Saturday, February 16, 2019

Food That Goes Bump in the Night

Image by Stephanie Pui-Mun Law
I was talking to my editor about a scene that involved a feast and we got sidetracked on how food can become a character, showing us as much about a culture as their clothes, art, dance and music. How it is grown, harvested, prepared, the seasons and the seasonings, are part of a map to the story's worldbuilding.

And in Fantasy, food can also be magic. I thought it would be fun to play with some examples today.

Margaret Atwood's very first novel had a magical realism feel to me. Her use of food as a mirror of the main character, Marian, created a vivid story of shifting identity, self-awareness and lose of Self. representing Marian's identity.

Both the book and the film, Chocolat, delighted me. The creation of the chocolates seemed like an alchemical process to me and the senses that awake in the process, spellbinding!

And speaking of spellbinding alchemy, The Book of Unholy Mischief turns pages into a journey of the senses. "Luciano is plucked up by an illustrious chef and hired as an apprentice in the palace kitchen. It's an initiation into a rich and aromatic world filled with seductive ingredients and secrets..."

The magic in this book is mouthwatering, and the 'gift' the child receives more a curse... or is it. The element of emotional communication and the uncertainty of feeling 'for another' had my attention right from the start.

Holmberg's book is almost a reverse alchemy of Amiee Benders's above. In Magic Bitter, Magie Sweet, Marie doesn't sense the emotions of others through eating but can instil emotions and powers into things she bakes. A whole new look at the Gingerbread Man, that's for sure.

One of the earliest uses of food as magic comes to us via fairy tales where food is not only enchanting but once eaten, ordinary food tastes like dust. 

What I love the most about food as magic, is that it crosses genres, generating a sub-genre of its own that includes fantasy, historical, romance, contemporary, crime, mystery, thriller and of course YA and children's books. ie Snow White anyone? 

What books with food, magical or otherwise, are your favourites? I'd love to hear.

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Kim Falconer's New YA Fantasy Series is out in 2019 - The Bone Throwers. Also check her urban fantasy out now - The Blood in the Beginning - and Ava Sykes Novel and the SFF Quantum Enchantment SeriesYou can find Kim on TwitterFacebook and Instagram.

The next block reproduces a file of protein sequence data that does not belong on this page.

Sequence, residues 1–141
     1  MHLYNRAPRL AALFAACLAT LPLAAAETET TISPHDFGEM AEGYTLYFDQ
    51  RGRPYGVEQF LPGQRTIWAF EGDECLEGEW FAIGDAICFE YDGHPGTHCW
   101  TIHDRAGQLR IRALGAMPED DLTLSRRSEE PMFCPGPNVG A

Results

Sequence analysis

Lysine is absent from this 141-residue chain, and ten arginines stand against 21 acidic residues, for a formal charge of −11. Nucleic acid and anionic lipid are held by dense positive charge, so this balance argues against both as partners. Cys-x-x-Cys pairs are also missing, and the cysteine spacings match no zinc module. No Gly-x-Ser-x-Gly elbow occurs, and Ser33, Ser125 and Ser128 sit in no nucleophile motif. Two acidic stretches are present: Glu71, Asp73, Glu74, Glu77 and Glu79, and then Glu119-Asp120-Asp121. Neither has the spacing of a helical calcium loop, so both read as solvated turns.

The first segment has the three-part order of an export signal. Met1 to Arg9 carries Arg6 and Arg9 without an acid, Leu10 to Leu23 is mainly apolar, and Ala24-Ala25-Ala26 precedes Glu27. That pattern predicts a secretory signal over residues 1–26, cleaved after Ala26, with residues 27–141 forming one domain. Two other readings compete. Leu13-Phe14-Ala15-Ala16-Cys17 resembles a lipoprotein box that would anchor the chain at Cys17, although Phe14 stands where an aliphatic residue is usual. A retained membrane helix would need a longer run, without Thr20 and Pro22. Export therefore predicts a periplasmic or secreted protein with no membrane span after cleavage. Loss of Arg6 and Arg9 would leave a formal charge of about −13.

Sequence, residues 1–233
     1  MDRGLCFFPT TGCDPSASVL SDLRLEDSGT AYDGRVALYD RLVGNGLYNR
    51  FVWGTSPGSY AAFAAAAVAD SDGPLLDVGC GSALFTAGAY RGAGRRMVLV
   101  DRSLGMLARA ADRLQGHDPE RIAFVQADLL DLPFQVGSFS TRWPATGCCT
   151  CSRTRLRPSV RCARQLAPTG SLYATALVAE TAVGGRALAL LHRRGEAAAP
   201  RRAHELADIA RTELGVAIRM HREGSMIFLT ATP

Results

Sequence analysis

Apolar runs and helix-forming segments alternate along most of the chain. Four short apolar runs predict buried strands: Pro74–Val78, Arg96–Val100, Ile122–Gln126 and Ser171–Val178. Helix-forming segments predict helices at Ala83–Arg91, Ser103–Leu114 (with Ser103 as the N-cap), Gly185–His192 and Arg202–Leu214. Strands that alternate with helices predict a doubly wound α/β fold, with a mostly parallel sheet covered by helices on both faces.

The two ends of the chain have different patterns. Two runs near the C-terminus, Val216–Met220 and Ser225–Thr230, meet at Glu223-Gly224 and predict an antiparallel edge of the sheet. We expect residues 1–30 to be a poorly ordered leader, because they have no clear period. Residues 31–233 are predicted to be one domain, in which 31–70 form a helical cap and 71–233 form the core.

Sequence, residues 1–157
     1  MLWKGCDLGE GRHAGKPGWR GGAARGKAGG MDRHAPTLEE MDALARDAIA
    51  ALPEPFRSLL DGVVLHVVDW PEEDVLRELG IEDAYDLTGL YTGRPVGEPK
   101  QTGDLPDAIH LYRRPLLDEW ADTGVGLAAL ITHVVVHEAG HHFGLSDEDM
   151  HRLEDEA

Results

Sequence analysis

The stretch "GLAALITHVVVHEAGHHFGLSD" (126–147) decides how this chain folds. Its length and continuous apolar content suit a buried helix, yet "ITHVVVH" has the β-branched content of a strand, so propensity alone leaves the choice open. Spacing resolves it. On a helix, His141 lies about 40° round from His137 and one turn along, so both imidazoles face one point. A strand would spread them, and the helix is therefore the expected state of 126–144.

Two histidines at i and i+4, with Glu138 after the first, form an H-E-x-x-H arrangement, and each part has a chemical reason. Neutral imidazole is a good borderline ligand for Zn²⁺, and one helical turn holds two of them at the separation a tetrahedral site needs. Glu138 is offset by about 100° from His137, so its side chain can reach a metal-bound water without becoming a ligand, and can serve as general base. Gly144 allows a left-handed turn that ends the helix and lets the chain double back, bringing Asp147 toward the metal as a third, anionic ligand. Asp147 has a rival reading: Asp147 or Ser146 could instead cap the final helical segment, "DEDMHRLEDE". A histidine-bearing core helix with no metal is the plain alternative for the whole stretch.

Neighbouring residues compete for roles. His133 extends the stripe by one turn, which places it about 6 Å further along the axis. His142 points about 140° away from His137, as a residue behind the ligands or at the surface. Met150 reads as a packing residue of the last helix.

Kim also runs where she teaches the law of attraction and astrology. 

Friday, February 1, 2019

A Theme For 2019: A Year of Romance in Fantasy Fiction

 Last month, when thinking about the year ahead here on Supernatural Underground, I realized that this July will be my 9th anniversary of posting here on the 1st day of every month – and I think that I’ve only missed one of those dates.

When I started out, our Supernatural Underground theme was “Books That Go Bump In The Night”, which felt quite deliciously magical and maybe just a tad spooky. Now we’re all about “Fiction That Makes The Heart Beat Faster” – which I sure hope yours may have done when reading some if not all of the books featured in our side bar. J
Over the past few years, I’ve been very impressed by Amanda Arista’s fabulous post series that focus on a theme for the year, such as #YOLA, the Year of Living Authentically and last year’s Year Of The New. 
Nine years (the magical “three times three”) seems like an excellent time to mix things up a little, so I’ve decided to try out Amanda’s theme-for-the-year approach.
That decision made, I then had to put on my thinking cap, to find a theme to resonate with “Fiction That Makes The Heart Beat Faster.” (And if I can touch on “Books That Go Bump In The Night” as well, then all the better!) 
As a starting point, I thought I’d best stick with Fantasy, since that’s the fiction I write (and generally adore.) I then reflected that the Supernatural Underground’s origins were strongly grounded in Romance, particularly the Paranormal Urban kind – and when all’s said and done there are few things that make the heart beat quite so fast as romance…
So this year, dear Supernatural Undergrounders, I’m going to focus on Romance In Fantasy, trying to hone in on a distinctive form of fantasy (e.g. epic fantasy) and/or style of romance (e.g. “star-crossed”) with each post. It will not be exhaustive (or, I hope, exhausting!) in any way shape or form, just a fun look at books I’ve found interesting and at how romance figures – or mostly doesn’t figure, The Lord of the Rings I’m looking at you! – in the story.
There's this kiss -- but when it comes to romance in the book, I'm not so sure...
Sadly, I will almost certainly not feature all your favorites. L Quite probably, I will overlook what you believe to be a definitive book. L L This is because, as you have probably realized by now, I am a deeply flawed “ ‘uman bean.” 
Undying love -- but one sided?
But (great big “but” – huge, in fact!) I do aim to have fun with the Year of Romance and I hope you will, too. And, taking a leaf from Amanda’s book, I’m even going to use a hashtag. Yep, you guessed it, it’s #YOR! (Said with a roar [winks.]) But wait there’s moar – I may even have a second hashtag: #RIFF – Romance In Fantasy Fiction. ;-)
See ya next month with #RIFF #1 for #YOR. J

Helen Lowe is a novelist, poet, and blogger whose first novel, Thornspell (Knopf), was published to critical praise in 2008. Her second, The Heir of Night (The Wall Of Night Series, Book One) won the Gemmell Morningstar Award 2012. The sequel, The Gathering Of The Lost, was shortlisted for the Gemmell Legend Award in 2013. Daughter Of Blood, (The Wall Of Night, Book Three) is Helen's most recent book and she is currently working on the fourth and final novel in The Wall Of Night series. Helen posts regularly on her “…on Anything, Really” blog and is also on Twitter: @helenl0we